The ghostly wartime aviators that still haunt Rougham Airfield in Suffolk, including one who fancies himself as a ladies’ man.

East Anglian Daily Times: The ghosts of Rougham Airfield. Picture: RACHEL EDGEThe ghosts of Rougham Airfield. Picture: RACHEL EDGE (Image: Archant)

Ghostly figures, the strong scent of smoke, the sound of heavy bombers overhead, an unsettling feeling of being watched…Rougham Airfield. Once, this quiet corner of Suffolk thundered with the sound of B17s overhead as the friendly invasion saw an American air crew descend on Rougham. And, according to witnesses, some of the 3,000-strong crew remain in the county, the ghosts of those who made the ultimate sacrifice. Witnesses talk to playful spirits hiding in Nissen huts, the ghost of an airman whose plane burst into flames is seen close to the base room, the control tower itself leaves people feeling uneasy and a pair of ownerless feet have even been spotted. Regular Weird Suffolk readers will remember that we have covered Rougham before with our strange tale of the Rougham Mirage but these ghosts are linked to the village’s World War Two airfield.

Home of the 94th Bombardment Group from 1942 until the end of the war, the group lost 153 aircraft and 1800 airmen were killed, listed as missing, injured or captured – 3,000 American crew were based at what is now a ghost field. Forever associated with classic American bomber the Boeing B17 Flying Fortress, Rougham’s airfield closed in 1948 and the flying surfaces returned to agriculture as the technical site became an industrial estate. The field is now the base of paranormal investigators Ghost Hunt UK which said, after its first visit to Rougham Control Tower that members were left suffering from “a paranormal hangover”.

Clare Wagg, of Ghost Hunt UK, said on Facebook: “What a night we had!

“All in all, it was a very interesting and interactive night giving us more questions then answers, some nice experiences and some names both new and old.”

The group discovered a “cross-eyed spirit” and a witness said they saw a human form turn into a dog before their eyes. At the Nissen huts one guest picked up the floral scent of jasmine, and other localised smells included fuel and the scent of fragrance Old Spice. The temperature was said to “plunge” at the huts in one spot, said to be a spirit enjoying the music the guests were playing. In the tower, the group were said to become aware of the presence of a ghost who apparently wanted “to make himself known with footsteps heard and the throwing of something that sounded like a screw or metal object in a different part of the tower”. But when the guests looked for the object they were unable to locate it or see anything out of place. Flashes of light and female voices talking when no one was there also spooked the guests.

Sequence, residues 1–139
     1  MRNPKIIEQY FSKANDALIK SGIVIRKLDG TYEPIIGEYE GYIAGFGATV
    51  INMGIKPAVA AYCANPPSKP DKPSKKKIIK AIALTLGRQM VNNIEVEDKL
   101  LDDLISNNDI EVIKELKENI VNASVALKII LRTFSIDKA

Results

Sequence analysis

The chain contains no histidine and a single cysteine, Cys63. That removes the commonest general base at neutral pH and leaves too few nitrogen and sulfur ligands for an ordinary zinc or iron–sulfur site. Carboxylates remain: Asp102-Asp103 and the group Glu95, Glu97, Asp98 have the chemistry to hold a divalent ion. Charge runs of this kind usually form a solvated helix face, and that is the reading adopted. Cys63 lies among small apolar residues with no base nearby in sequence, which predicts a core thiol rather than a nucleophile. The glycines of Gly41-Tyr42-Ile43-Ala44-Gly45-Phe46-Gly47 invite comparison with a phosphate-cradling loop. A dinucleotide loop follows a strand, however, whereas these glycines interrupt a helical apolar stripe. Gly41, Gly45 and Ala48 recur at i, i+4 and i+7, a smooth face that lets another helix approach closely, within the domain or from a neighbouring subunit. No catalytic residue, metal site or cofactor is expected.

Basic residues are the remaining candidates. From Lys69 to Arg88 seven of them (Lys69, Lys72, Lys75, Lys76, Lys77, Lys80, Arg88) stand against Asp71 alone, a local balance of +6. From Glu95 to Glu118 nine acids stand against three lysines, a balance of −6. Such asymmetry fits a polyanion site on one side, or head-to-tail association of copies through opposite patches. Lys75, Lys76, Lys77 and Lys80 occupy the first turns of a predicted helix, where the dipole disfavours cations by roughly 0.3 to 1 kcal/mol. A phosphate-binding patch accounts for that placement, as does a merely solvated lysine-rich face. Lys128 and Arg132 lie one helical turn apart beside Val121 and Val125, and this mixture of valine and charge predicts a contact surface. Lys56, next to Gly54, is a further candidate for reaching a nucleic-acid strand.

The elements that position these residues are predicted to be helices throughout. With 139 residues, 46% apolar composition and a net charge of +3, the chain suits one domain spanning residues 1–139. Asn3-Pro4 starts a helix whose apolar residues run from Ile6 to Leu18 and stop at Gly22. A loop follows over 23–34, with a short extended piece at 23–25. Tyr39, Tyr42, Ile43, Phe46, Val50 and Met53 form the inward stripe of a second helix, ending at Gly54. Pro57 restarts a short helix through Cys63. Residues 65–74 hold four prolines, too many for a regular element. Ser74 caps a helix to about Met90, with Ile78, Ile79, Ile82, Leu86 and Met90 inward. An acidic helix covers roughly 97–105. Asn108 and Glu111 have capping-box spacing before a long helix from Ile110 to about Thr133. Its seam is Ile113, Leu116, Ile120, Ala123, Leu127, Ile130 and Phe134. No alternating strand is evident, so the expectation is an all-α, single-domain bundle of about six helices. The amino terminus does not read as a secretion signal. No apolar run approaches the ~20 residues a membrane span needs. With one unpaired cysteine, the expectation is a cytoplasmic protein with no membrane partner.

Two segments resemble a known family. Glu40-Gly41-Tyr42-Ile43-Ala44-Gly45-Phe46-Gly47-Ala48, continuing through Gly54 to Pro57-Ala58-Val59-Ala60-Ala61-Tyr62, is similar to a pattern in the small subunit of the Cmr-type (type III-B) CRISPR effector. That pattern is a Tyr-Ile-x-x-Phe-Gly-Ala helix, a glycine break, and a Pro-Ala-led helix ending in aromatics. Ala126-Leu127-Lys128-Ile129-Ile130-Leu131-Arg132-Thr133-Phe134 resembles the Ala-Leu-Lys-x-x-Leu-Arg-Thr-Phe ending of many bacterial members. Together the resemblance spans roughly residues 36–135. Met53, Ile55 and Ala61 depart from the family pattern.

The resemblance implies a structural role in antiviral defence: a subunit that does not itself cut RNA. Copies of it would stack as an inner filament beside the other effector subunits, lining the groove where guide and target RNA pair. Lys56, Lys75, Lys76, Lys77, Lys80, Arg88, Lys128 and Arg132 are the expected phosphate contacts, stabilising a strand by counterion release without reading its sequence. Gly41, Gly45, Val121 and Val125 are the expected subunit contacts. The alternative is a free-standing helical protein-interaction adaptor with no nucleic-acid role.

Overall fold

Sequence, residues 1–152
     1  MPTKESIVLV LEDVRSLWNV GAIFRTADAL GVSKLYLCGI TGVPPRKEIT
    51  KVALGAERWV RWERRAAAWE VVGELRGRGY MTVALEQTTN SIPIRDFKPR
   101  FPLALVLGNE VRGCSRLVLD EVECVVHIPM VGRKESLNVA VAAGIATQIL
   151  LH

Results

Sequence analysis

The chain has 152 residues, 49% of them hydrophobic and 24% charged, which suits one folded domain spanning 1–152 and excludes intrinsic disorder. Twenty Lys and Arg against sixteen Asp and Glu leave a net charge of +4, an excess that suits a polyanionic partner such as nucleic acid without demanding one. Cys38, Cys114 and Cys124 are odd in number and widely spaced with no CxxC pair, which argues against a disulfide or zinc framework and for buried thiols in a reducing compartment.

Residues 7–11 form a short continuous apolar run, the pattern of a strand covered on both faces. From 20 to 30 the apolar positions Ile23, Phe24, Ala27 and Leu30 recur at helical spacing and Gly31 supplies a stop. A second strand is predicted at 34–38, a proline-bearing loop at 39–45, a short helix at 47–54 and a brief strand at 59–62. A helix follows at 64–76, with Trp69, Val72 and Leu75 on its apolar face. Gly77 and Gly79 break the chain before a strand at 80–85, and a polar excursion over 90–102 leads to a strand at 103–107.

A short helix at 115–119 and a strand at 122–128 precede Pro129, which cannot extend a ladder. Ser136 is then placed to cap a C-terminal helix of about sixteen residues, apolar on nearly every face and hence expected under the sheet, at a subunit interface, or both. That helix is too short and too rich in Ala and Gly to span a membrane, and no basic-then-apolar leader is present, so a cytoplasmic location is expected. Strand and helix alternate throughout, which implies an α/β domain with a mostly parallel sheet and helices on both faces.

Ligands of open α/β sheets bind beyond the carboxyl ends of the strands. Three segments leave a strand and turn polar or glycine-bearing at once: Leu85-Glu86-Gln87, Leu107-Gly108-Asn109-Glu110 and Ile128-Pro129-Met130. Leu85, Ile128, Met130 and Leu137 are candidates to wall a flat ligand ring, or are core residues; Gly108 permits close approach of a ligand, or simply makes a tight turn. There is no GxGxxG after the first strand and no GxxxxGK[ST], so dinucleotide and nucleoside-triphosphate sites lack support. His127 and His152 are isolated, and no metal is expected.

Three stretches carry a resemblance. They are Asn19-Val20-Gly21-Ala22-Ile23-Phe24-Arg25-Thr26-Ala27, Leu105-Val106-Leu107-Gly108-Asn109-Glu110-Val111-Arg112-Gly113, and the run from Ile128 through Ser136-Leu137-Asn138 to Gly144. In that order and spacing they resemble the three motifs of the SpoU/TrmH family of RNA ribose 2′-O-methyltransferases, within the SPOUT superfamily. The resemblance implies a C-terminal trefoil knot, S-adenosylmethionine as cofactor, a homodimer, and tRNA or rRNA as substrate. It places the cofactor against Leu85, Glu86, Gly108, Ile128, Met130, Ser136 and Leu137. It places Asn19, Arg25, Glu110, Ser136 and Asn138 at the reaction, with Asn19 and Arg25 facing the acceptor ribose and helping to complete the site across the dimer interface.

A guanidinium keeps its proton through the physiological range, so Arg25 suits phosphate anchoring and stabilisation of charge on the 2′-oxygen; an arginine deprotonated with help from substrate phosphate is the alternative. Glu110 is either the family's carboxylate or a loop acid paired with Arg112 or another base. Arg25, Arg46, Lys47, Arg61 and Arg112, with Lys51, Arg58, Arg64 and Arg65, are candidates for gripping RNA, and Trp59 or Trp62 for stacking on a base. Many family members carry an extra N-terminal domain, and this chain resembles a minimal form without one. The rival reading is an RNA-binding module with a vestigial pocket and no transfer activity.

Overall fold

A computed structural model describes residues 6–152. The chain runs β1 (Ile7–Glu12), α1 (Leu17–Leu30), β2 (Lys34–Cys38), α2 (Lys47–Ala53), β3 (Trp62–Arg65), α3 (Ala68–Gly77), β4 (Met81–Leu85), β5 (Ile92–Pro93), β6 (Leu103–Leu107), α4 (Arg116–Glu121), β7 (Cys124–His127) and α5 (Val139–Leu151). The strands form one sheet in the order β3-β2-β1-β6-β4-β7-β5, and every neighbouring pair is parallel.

Clint Cansdale, paranormal investigator officer on the Rougham Tower Association committee, said he didn’t know whether to believe the paranormal reports or not, but he himself has experienced the floor creaking in one spot yet no-one was there. He said different ghost hunter groups had heard the name ‘George’ called out, but added it was a common name so difficult to trace to a particular airman. Most airman were not actually allowed within the control tower as it was restricted to control tower staff, he added. Mr Cansdale added: “A lot of people died on the airfield. A lot of people came back and the plane was badly damaged.”

Tragedy struck in May 1943 when a B-26 plane crashed onto the airfield, killing the crew and damaging a hangar and on May 17 1943, 11 planes were dispatched on a bombing raid from which not one returned. In 2016, a national newspaper ran a story about the discoveries of paranormal investigators Darren Jensen and his team of six who spotted something strange in a photograph they took in the corridor. They believe they caught a ghost on camera of a pilot killed during active service – the figure is in USAAF-issue blue uniform – and say that the spirit tried to make contact to the group, or rather to the women in the group.

“We reckon only the ladies in our group are being approached by the spirits because the pilots, all men, had been away from home for a long time without seeing a woman,” said Darren.

“I definitely feel like the spirits are more attracted to the females – it would be really interesting to let the ladies investigate alone to see what things they experience.”

The airfield still has two runways available for civil use, the old T2 hangars are used for storage and enough ghosts to keep paranormal investigators busy for eternity.